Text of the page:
For pets that are experiencing temporary changes and this associated stress, there are short term solutions to help. There are plug in diffusers and medications to help allow the pet to cope to these temporary changes and they usually work best if provided a week or so prior to the anticipated stress. If the stress is becoming a phobia in these temporary situations, it is still worth considering referral by a veterinary surgeon to an association of pet behavioural councillors accredited behaviourist for behavioural modification therapy that will help to reduce the source of the stress. The common example of this would be firework phobias, if temporary solutions are used each time, the phobia tends to get worse and a pet may start to become fearful of other loud noises such as thunder or traffic at which point behavioural referral is likely to be required alongside stronger drugs with greater side effects.

Longer term stress can be more difficult to treat as new members of the family or new houses are not as easy to change. Behavioural referral is a good option in these conditions as there are often small changes that can be made to your routine that will help your pet cope with the changes and come to terms with this long term change. Some of the short term medications can also help in the short term to help the pet cope and there is also a diet that may be more appropriate in the medium to long term for animals that just have a nervous disposition to everything.

The drugs we tend to use for behavioural therapy tend to be mild calming drugs that are used as nutritional supplements.
Zylkene is the most common and consists of a concentrated milk protein. In the 1930s the anxiolytic properties of milk were studied on people based on the observation that “drinking milk at bedtime made one sleep better”. Zylkene is a concentrated form of the protein in milk that has this calming effect but without the other proteins in milk that a lot of pets are intolerant to.

 

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Cystease is a medication we use in cats with chronic bladder problems. As these problems are often secondary to stress it doesn’t only contain a drug to help the bladder, it also contains L-tryptophan, which is a precursor of serotonin (which some people call the “happy hormone”). This drug plays an essential role in the regulation of mood, anxiety, sleep and appetite so can often help an animal cope with their underlying stress.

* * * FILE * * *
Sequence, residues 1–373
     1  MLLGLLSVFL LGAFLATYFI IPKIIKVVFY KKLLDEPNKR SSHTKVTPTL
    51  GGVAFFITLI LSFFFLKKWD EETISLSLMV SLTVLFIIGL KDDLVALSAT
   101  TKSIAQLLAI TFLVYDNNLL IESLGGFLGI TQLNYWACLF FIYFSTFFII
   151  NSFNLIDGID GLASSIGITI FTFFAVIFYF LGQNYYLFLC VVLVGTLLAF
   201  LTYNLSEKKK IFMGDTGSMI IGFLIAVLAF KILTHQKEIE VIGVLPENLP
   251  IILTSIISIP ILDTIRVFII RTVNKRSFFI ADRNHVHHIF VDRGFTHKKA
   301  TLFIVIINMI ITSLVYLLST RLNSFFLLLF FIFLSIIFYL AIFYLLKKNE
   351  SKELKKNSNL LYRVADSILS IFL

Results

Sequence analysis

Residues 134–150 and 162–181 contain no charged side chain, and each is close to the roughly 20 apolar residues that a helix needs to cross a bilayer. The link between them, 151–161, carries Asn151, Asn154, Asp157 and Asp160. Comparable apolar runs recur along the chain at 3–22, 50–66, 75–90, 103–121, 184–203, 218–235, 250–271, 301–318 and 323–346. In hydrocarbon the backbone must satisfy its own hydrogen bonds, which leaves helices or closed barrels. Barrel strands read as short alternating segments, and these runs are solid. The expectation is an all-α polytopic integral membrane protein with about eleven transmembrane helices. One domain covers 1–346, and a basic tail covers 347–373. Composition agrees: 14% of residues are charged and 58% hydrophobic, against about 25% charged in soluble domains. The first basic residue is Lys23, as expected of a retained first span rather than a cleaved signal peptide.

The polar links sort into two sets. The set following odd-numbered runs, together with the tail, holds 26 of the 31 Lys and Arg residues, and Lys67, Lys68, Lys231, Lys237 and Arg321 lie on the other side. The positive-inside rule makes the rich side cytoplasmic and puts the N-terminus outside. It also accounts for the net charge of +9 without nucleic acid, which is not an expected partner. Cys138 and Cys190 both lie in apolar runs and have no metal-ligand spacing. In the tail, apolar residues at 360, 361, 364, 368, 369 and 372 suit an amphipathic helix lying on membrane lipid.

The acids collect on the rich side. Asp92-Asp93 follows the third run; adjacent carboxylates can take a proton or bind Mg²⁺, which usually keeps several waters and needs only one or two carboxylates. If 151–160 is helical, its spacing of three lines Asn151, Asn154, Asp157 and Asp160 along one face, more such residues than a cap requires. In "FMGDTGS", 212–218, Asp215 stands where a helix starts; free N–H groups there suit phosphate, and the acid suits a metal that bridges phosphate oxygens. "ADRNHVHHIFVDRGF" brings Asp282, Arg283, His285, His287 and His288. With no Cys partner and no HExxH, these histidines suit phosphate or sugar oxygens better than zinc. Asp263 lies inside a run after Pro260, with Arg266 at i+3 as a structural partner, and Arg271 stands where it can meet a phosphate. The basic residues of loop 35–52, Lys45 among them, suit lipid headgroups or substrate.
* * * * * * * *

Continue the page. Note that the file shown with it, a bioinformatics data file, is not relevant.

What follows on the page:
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Royal Canin produce a CALM diet. It is a complete dog food that contains both of the above drugs to help calm a patient without the need to administer any medication. It works best if given for a week or two prior to expected anxiety and can be used to replace the current diet your pet is being fed. It is a little more expensive than a normal commercial diet but it does contain the two calming medications along with added vitamin B3, which can also have a calming effect.

 

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If you are having concerns about stress in your pet, please contact the surgery on 01670 457271 and we can arrange an appointment with our veterinary nurse who can discuss your options with you. Your pet does not necessarily have to put up with a stressful situation, there may be something you can do to help them.

 

 

Natasha Banks RVN – Registered Veterinary Nurse/Clinical Coach

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I began my career in veterinary nursing as a Student Nurse in a large veterinary hospital in 1998. Once I qualified as a Registered Veterinary Nurse in 2004, I continued to work at this practice where I gained lots of valuable experience in different aspects of veterinary nursing. I have grown particular interests in surgical nursing, radiography, animal behavior and nursing clinics.

I joined the team at St Clair Veterinary Care in December 2013 after the opportunity of Head Veterinary Nurse arose.  I knew St Clair had an amazing reputation and having worked with Rory before, I couldn’t wait to be a part of it.

I am also Clinical coach to the student veterinary nurses, supporting and guiding them during their training.

I grew up around animals large and small,  and was lucky to spend a lot of my childhood travelling. I have lived in places such as the Philippines and India where my love of animals grew even stronger.

As well as being a wife and mother to 3 angelic boys, I also own a scruffy Border Terrier called George.